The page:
Last update on Nov 30, 2014 to add a great link to the “Compilations” section.
- A couple of weeks ago, a friend asked me for advice on giving advice to beginners.
- A few days ago, I recently found a Quora question about getting better at JS.
These three moments have had my brain wondering about how to point coding newbies in the right direction. After some Googling and recalling my own past, I’ve gathered some links that will hopefully help beginners and maybe even intermediate folks. However, I should warn you that I haven’t tried out all the various services for myself.
This Imgur post lists 6 sites that provide tutorials for getting started in coding. I’ve personally used Code School and Codecademy. They’re great, but after awhile, you’ll want to explore other options. They are not sufficient by themselves.
These sites gather tutorials and various resources into one place. Most of these also give some guidance or roadmap to help beginners prioritize what to learn:
- Programming, Motherf…: Categorized links for various languages.
- Bento: Links organized into manageable sections.
- What’s Next: Links grouped by topic and difficulty.
- The Odin Project: Open-source web dev curriculum.
The Fundamentals of JS
San Francisco is my neck of the woods. If you’re lucky enough to be around here, then you should take advantage of the stellar community. There are lots of free meetups/events that can help you learn. If you’re not in the area, check Meetup.com for groups that provide similar events.
- Tinderbox: They often host “hack nights”, which might sound intimidating, but they’re very open-ended so you could show up and just ask for help learning a particular subject.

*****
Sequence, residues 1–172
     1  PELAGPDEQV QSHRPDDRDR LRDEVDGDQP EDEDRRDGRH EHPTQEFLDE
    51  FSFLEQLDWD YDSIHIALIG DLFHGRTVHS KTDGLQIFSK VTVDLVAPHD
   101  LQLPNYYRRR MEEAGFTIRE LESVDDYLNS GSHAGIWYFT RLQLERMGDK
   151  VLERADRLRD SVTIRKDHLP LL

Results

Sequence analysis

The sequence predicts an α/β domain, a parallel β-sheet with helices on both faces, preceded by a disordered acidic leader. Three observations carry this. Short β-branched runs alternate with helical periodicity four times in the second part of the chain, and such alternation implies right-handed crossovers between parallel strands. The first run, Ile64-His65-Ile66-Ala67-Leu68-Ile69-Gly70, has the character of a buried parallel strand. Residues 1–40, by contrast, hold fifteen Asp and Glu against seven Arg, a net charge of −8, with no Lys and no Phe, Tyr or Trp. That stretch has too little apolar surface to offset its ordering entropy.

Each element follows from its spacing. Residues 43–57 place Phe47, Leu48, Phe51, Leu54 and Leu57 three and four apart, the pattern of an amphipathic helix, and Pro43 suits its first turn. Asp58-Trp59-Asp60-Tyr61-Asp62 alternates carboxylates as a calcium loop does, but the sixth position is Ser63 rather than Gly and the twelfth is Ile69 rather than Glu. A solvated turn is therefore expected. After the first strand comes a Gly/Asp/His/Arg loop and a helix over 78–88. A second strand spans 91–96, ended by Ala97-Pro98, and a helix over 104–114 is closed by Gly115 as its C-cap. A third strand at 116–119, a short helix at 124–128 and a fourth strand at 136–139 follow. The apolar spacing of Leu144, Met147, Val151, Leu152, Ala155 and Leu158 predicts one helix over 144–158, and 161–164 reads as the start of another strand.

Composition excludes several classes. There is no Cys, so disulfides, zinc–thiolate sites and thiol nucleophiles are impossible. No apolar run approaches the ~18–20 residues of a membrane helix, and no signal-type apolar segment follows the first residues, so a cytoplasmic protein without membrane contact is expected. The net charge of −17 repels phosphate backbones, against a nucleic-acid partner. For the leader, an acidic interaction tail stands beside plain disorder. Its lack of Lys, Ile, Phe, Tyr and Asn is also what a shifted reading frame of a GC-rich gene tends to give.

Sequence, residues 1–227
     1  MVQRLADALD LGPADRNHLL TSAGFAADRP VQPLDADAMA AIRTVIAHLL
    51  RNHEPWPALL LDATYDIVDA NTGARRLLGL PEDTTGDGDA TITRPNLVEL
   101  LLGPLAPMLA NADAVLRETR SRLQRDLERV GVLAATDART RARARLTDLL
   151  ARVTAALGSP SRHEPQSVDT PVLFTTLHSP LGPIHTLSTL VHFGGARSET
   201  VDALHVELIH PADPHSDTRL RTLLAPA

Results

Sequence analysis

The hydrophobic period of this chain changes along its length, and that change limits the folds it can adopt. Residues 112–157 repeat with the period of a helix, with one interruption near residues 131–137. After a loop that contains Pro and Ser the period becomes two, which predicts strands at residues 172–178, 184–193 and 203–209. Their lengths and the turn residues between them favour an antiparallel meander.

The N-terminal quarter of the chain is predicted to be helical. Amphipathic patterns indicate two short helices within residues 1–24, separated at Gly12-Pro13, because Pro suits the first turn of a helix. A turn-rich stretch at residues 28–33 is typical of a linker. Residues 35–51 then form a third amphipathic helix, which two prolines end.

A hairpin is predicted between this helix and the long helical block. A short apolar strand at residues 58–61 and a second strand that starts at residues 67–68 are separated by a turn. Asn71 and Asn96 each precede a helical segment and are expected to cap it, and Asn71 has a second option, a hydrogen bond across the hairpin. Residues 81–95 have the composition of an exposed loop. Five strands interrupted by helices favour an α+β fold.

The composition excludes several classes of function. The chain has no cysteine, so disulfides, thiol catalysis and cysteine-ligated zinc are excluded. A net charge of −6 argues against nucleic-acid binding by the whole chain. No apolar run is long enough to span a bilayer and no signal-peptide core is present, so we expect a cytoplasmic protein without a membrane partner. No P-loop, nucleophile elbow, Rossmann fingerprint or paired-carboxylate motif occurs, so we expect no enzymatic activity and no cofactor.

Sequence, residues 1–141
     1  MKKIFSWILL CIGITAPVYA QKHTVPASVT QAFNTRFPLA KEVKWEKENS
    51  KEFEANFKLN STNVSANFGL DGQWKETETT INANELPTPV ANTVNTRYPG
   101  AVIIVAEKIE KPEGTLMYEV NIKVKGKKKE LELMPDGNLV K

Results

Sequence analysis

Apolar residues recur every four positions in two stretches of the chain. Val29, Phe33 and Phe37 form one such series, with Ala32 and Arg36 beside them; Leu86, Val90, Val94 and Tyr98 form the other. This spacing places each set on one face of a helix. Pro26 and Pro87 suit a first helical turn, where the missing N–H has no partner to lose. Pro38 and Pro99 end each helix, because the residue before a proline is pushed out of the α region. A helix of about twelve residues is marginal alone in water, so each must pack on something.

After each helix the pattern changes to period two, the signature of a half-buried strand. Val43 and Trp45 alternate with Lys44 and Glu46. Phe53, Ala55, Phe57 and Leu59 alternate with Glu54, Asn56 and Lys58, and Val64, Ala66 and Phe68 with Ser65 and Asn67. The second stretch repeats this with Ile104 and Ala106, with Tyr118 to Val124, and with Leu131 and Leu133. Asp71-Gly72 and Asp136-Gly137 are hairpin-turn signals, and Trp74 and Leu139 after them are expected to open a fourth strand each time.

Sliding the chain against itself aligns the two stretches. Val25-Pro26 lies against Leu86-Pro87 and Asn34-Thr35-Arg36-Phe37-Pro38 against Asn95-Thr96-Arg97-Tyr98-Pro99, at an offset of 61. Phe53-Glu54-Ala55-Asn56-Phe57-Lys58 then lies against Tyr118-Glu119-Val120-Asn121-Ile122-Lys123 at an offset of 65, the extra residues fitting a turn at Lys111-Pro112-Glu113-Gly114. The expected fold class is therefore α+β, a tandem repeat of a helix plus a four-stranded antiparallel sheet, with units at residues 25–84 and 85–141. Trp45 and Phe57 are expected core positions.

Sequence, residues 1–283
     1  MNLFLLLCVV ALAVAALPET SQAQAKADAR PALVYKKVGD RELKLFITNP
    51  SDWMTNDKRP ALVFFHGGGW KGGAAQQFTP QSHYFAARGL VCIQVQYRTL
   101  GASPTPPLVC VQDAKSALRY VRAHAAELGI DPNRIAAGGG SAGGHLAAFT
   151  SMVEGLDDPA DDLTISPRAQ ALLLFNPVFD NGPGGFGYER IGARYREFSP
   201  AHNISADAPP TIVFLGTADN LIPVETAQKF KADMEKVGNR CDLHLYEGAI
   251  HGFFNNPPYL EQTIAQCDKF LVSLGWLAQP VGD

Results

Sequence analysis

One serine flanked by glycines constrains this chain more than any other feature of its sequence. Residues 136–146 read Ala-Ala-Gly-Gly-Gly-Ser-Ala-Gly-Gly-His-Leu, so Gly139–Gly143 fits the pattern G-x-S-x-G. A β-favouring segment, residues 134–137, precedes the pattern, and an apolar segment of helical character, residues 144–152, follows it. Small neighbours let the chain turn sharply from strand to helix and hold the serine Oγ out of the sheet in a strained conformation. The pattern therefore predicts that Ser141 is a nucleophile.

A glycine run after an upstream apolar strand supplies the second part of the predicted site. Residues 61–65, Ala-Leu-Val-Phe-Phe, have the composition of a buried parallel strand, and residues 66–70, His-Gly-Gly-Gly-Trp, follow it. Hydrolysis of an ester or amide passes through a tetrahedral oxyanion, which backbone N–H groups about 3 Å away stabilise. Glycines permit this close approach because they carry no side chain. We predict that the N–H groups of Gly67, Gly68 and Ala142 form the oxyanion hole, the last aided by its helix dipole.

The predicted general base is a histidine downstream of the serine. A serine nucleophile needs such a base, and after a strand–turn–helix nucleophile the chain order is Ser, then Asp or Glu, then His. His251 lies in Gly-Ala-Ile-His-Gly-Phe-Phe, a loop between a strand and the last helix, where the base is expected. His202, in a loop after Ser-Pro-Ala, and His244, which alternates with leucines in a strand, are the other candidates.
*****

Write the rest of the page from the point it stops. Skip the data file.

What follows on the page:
- SF Rails: Much like Tinderbox, the SF Rails group hosts open-ended “protonight” events. The group might focus on Ruby on Rails, but you’re likely to find people who can help with any beginner or intermediate level coding topic.
If you’re female, you might want to search for organizations that provide free support for women. Some examples:
Back in the day, I used a free, online curriculum created by Railsbridge to learn some web dev skills.
A Hack Reactor alum recently launched a free service called Hackvard. It helps people quickly find nearby programmers who want to meet up. After a few weeks (or days?), it was renamed to Codaround. One of the co-founders contacted me and mentioned that Codaround might be changed to focus on helping match mentors/teachers with students/beginners. I don’t know any details, but it’s worth keeping an eye on this.
Want to play while you program? Here are some sites that turn learning to code into a game:
- CheckIO: When I tried them out, I wasn’t impressed by their attempt to cover coding challenges in a layer of gamification. A CheckIO employee reached out to me and told me things have changed a lot. I haven’t verified his claims, but their user base was pretty large last time I checked, and their blog is very active, so they’re alive and kicking.
- Code Combat: I played with this a couple months ago. It was fun, but a tad buggy. I like the idea of writing code to control your character.
- Screeps: This looks quite promising. You write code to control small armies.